Gordon Campbell | Parliament TV | Parliament Today | News Video | Crime | Employers | Housing | Immigration | Legal | Local Govt. | Maori | Welfare | Unions | Youth | Search

 


People Before Pokies

Wednesday 3 November

People Before Pokies

There is a brief opportunity for the community to tell MPs our views on a fairer distribution of funds from pokie machines to ensure more money goes back into the communities it was lost from.

The Gambling (Gambling Harm Reduction) Amendment Bill will be voted on in Parliament on Wednesday 10 November. Downtown Community Ministry (DCM) urges people to contact your local MP urgently and encourage them to support the Bill.

Stephanie McIntyre, Director of DCM, says “Although this is a conscience vote, we hope MPs will take this opportunity and act responsibly to help our communities.”

“In order for the Bill to pass its first reading and go to a Select Committee, we need to encourage as many MPs as we can to support it,” she says.

The Bill calls for the phasing out of the distribution of funds through “pokie trusts” within a year, with responsibility for this going to a committee of local authorities in order to increase the proportion of money going back to its originating community. Also, the Bill proposes measures to decrease player harm, such as introduction of pre-paid cards and player tracking. Both these measures have been successful internationally.

“This Bill is a real step forward and will enable communities to reduce the number, or even eliminate, pokie machines from areas where they are particularly concentrated, and are doing considerable harm,” says Stephanie.

In low socio-economic areas, there is one pokie machine for every 75 people; while wealthier areas have a ratio of one to 465. This highlights the problem of pokie machines being disproportionately concentrated in communities that can’t afford the economic, social and health related costs.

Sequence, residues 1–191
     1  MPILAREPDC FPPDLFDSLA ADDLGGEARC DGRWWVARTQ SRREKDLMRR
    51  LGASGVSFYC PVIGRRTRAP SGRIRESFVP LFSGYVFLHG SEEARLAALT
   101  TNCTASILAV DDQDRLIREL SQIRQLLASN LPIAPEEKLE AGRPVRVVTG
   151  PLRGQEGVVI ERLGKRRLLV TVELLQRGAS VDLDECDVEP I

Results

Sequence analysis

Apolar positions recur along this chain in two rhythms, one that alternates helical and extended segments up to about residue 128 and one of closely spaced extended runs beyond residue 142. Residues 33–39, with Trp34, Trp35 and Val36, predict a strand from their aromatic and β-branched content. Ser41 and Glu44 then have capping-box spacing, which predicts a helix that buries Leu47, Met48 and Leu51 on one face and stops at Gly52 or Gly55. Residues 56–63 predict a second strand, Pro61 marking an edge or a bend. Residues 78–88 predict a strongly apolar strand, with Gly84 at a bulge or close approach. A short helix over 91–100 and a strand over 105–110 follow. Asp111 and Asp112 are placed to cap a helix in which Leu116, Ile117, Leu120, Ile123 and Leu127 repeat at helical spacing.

DCM encourages you to support your community and contact your local MP with your views on the Bill, and in turn, encourage them to follow their social conscience.


ENDS

© Scoop Media

 
 
 
 
 
Parliament Headlines | Politics Headlines | Regional Headlines

 

Departure Speech: Governor-General’s State Farewell Luncheon

"...Unfortunately I was unable to get to the Antarctic, the Chatham Islands and the Kermadecs. A dicky heart thwarted our travel to the Antarctic; and even though I volunteered to parachute into the Kermadecs to join the Young Blake expedition, time, commitments and officials frustrated my plans to visit the Kermadecs and Chathams." More>>

ALSO:

New Research: Most Homeless People Working Or Studying

“The cost of housing has been rising without corresponding increases in income, whilst the number of state houses per capita has been in decline. Many low-income people are missing out on housing, whether we recognise them as ‘homeless’ or not. More>>

ALSO:

Post-Traynor: New Offender Info Sharing Plan

“This Bill delivers on that step-change by moving away from name-based records held by individual agencies to a shared, anchor identity based on unalterable information, such as fingerprints and facial recognition. It also gives agencies access to the drivers’ licence photo database and birth, death and marriages information." More>>

  • NZ Law Foundation - New $2M fund for research on information challenges
  • Littoral: New Ship To Deliver Enhanced Naval Capability

    Defence Minister Gerry Brownlee says the Government has approved a Ministry of Defence and New Zealand Defence Force recommendation to request tenders for a new naval ship to support littoral operations. More>>

    July:

    After King's Labour Snub: Māori Party And Kiingitanga To Work Together

    Māori Party Co-leaders Te Ururoa Flavell and Marama Fox met with Kiingitanga representatives in Wellington yesterday to discuss working together on key issues for the betterment of Māori. More>>

    ALSO:

    Waitangi Claim On Rehabilitation: The 'Justus' System For Māori Not Good Enough

    Closing statements at the Waitangi Tribunal case against Corrections called for immediate steps and a comprehensive review to address the high rate of Māori reoffending. More>>

    ALSO:

    Advice: PM Sets Rules For Ministers' Treatment Of Public Servants

    Prime Minister John Key has laid down the law about the way ministers and public servants should interact, saying ministers may not always like the advice they receive, but they must listen to it carefully, respectfully and professionally. More>>

    Gordon Campbell: On The Funding Changes In Special Needs Education, And Uber

    The plan to strip out the educational support for older “special needs” children in order to meet the existing shortfall in funding for special needs in early childhood education is so miserly and relentlessly stupid as to defy belief… More>>

    SPECIAL EDUCATION (& More):

    Online Learning Plans:

    Get More From Scoop

     

    LATEST HEADLINES

     
     
     
     
     
     
     
     
     
    Politics
    Search Scoop  
     
     
    Powered by Vodafone
    NZ independent news